Former ESPN 106.7 host Carter Byrd believes polarizing ex-Auburn football head coach Bryan Harsin was “born on third,” a euphemism for having everything handed to one from the beginning of one’s life, when answering a fan’s question of whether or not the Boise native would be a good coach if he gave any effort to recruiting.
“A better question is…if Harsin hadn’t come up in Chris Peterson’s program, if he hadn’t been handed the keys to an Ark St built up by Freeze and Malzahn, if he hadn’t been handed the keys to Peterson’s built up, self-sufficient Boise State, would anyone have a clue who he is? Let’s be real…dude has been born on third and thought he hit a triple his whole coaching career until Auburn, and it resulted in a lack of effort in recruiting, over-the-top arrogance and stubbornness, and coaching ineptitude,” Byrd prefaced before saying, “He’s not a good coach. Plain and simple.”
While the point about Harsin only seeing success at Boise due to being handed the keys from Chris Peterson falls a bit flat when you realize Harsin had six consecutive winning seasons — hard to claim Peterson’s success when all of his recruits were working professionals by Harsin’s final years at the helm of the Broncos even with the vague “self-sufficient” claim that one would think would apply to Auburn too — it’s not hard to believe the rest of Byrd’s claims considering the minimal effort he showed on the Plains as Tigers head coach.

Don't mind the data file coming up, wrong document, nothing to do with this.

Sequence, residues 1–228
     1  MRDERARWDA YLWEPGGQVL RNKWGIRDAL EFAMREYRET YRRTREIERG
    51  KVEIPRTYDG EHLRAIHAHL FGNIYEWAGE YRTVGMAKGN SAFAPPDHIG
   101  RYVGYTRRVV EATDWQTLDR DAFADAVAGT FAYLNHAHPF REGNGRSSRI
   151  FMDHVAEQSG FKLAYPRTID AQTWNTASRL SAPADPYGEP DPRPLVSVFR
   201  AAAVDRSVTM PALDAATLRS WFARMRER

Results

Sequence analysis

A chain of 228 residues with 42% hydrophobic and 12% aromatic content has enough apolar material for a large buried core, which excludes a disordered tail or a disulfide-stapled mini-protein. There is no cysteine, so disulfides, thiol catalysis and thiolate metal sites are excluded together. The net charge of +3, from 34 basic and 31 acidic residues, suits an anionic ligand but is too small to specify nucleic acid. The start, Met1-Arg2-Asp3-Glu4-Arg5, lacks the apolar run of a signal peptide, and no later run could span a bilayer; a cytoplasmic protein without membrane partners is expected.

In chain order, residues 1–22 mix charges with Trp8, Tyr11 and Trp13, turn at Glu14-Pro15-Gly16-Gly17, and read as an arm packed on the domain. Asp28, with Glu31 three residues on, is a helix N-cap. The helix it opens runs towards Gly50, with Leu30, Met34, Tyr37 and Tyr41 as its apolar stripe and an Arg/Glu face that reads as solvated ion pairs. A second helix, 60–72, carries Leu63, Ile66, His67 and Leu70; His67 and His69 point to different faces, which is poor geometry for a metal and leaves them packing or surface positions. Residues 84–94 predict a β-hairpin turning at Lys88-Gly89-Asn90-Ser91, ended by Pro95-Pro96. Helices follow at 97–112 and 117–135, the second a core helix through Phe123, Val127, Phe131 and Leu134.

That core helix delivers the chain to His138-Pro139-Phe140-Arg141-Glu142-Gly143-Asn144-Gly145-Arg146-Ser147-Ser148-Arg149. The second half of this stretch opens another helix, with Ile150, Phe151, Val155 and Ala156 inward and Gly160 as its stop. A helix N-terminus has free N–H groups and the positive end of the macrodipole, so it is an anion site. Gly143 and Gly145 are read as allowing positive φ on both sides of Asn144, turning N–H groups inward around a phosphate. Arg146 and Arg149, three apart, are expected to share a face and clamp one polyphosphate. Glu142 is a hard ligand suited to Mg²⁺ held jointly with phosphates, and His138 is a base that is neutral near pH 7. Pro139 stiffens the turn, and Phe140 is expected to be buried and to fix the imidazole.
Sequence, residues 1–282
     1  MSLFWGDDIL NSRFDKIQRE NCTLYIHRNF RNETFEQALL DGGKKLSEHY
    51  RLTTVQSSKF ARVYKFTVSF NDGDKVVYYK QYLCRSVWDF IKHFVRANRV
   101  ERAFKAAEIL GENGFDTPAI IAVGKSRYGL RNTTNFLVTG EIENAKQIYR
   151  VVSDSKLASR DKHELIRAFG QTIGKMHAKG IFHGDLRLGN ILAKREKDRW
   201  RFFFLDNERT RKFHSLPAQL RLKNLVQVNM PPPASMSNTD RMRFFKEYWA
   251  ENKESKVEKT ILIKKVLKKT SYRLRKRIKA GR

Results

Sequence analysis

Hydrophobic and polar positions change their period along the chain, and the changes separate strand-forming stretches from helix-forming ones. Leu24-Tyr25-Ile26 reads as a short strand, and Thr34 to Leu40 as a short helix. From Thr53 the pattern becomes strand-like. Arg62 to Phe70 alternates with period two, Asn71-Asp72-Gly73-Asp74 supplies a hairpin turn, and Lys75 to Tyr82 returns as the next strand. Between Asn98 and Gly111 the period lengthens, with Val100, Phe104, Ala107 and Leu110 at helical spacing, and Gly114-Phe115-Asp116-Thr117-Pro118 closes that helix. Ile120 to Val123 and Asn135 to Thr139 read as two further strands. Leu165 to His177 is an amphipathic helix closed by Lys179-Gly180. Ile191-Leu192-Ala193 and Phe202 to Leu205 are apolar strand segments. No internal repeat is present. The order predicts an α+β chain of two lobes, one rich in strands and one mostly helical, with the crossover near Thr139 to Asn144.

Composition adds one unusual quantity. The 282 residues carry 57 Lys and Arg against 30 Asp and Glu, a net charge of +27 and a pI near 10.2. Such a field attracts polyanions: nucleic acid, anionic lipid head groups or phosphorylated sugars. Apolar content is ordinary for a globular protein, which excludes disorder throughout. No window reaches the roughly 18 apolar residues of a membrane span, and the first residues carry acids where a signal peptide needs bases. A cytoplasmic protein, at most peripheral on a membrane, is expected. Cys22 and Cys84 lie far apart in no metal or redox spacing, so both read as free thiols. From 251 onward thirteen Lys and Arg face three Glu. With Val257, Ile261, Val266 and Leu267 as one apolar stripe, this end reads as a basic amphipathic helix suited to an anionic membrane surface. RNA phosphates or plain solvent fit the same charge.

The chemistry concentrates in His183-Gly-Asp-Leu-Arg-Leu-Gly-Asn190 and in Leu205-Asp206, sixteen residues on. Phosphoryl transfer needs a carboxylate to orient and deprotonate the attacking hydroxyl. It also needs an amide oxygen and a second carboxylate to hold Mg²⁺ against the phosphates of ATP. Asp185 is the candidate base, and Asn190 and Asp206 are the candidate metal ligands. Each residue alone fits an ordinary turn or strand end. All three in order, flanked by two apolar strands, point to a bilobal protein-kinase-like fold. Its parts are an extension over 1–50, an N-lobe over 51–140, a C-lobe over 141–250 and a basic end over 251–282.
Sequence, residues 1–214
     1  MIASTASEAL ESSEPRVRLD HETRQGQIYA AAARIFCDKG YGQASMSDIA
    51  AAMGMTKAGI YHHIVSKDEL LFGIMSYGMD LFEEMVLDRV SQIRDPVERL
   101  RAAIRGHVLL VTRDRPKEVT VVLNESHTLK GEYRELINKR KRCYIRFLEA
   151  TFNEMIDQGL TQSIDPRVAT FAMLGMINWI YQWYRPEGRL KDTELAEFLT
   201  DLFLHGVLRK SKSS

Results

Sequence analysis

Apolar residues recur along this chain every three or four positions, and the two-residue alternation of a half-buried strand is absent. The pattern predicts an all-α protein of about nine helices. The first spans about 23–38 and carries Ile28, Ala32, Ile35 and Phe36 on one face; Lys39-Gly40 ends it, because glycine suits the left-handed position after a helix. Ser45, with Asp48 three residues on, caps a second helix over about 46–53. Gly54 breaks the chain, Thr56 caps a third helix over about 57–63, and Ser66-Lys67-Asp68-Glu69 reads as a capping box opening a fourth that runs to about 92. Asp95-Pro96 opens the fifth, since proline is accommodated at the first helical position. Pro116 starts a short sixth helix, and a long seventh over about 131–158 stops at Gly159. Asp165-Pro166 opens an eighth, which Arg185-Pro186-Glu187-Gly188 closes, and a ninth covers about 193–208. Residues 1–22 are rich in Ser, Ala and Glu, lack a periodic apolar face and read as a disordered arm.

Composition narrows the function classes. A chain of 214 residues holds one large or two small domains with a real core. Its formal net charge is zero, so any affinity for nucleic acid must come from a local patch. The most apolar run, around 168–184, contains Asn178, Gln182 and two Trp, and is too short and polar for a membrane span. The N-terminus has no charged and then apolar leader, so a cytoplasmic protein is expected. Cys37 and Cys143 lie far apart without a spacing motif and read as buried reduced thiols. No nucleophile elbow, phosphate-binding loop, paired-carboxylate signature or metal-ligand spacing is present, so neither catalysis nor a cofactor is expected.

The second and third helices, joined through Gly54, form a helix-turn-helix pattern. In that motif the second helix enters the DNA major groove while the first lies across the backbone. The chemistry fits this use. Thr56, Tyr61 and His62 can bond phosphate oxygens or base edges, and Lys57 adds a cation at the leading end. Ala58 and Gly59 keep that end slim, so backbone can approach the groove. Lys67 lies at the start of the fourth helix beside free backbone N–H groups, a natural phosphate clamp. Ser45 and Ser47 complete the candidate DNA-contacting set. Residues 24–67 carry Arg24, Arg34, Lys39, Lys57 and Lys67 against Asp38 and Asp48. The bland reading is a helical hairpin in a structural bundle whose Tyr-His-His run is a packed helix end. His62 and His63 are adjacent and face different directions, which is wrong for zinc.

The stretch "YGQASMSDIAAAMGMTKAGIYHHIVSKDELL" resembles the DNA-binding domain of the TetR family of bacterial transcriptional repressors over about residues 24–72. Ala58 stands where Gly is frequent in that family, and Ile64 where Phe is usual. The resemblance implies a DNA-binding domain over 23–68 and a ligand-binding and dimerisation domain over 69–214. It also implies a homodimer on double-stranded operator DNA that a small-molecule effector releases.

Auburn football must get past the Bryan Harsin excuses
Hugh Freeze has gotten endless grace from the Auburn family, who still blames Harsin when the team isn’t competing. But eventually, Freeze will have to take responsibility for the product on the field; one that’s been a straight-up disaster for nearly half the season.
The competitiveness of the Georgia game was not something we rarely saw from Harsin’s teams against elite competition, 2021 Iron Bowl notwithstanding. Still, the LSU, Texas A&M, and Ole Miss games were a step back from Harsin’s first season. Yes, those were mostly Gus Malzahn’s recruits who were on the field for AU, but few were giving Malzahn the credit for any of the six wins in the Tigers’ first eight games that season.
Harsin is surely to blame for why the Auburn football program didn’t take any meaningful steps forward in 2021 and 2022, but continuing to blame him for all of AU’s problems is giving opposing fanbases endless fodder should the Tigers be in the same position in 2024, 2025, and beyond.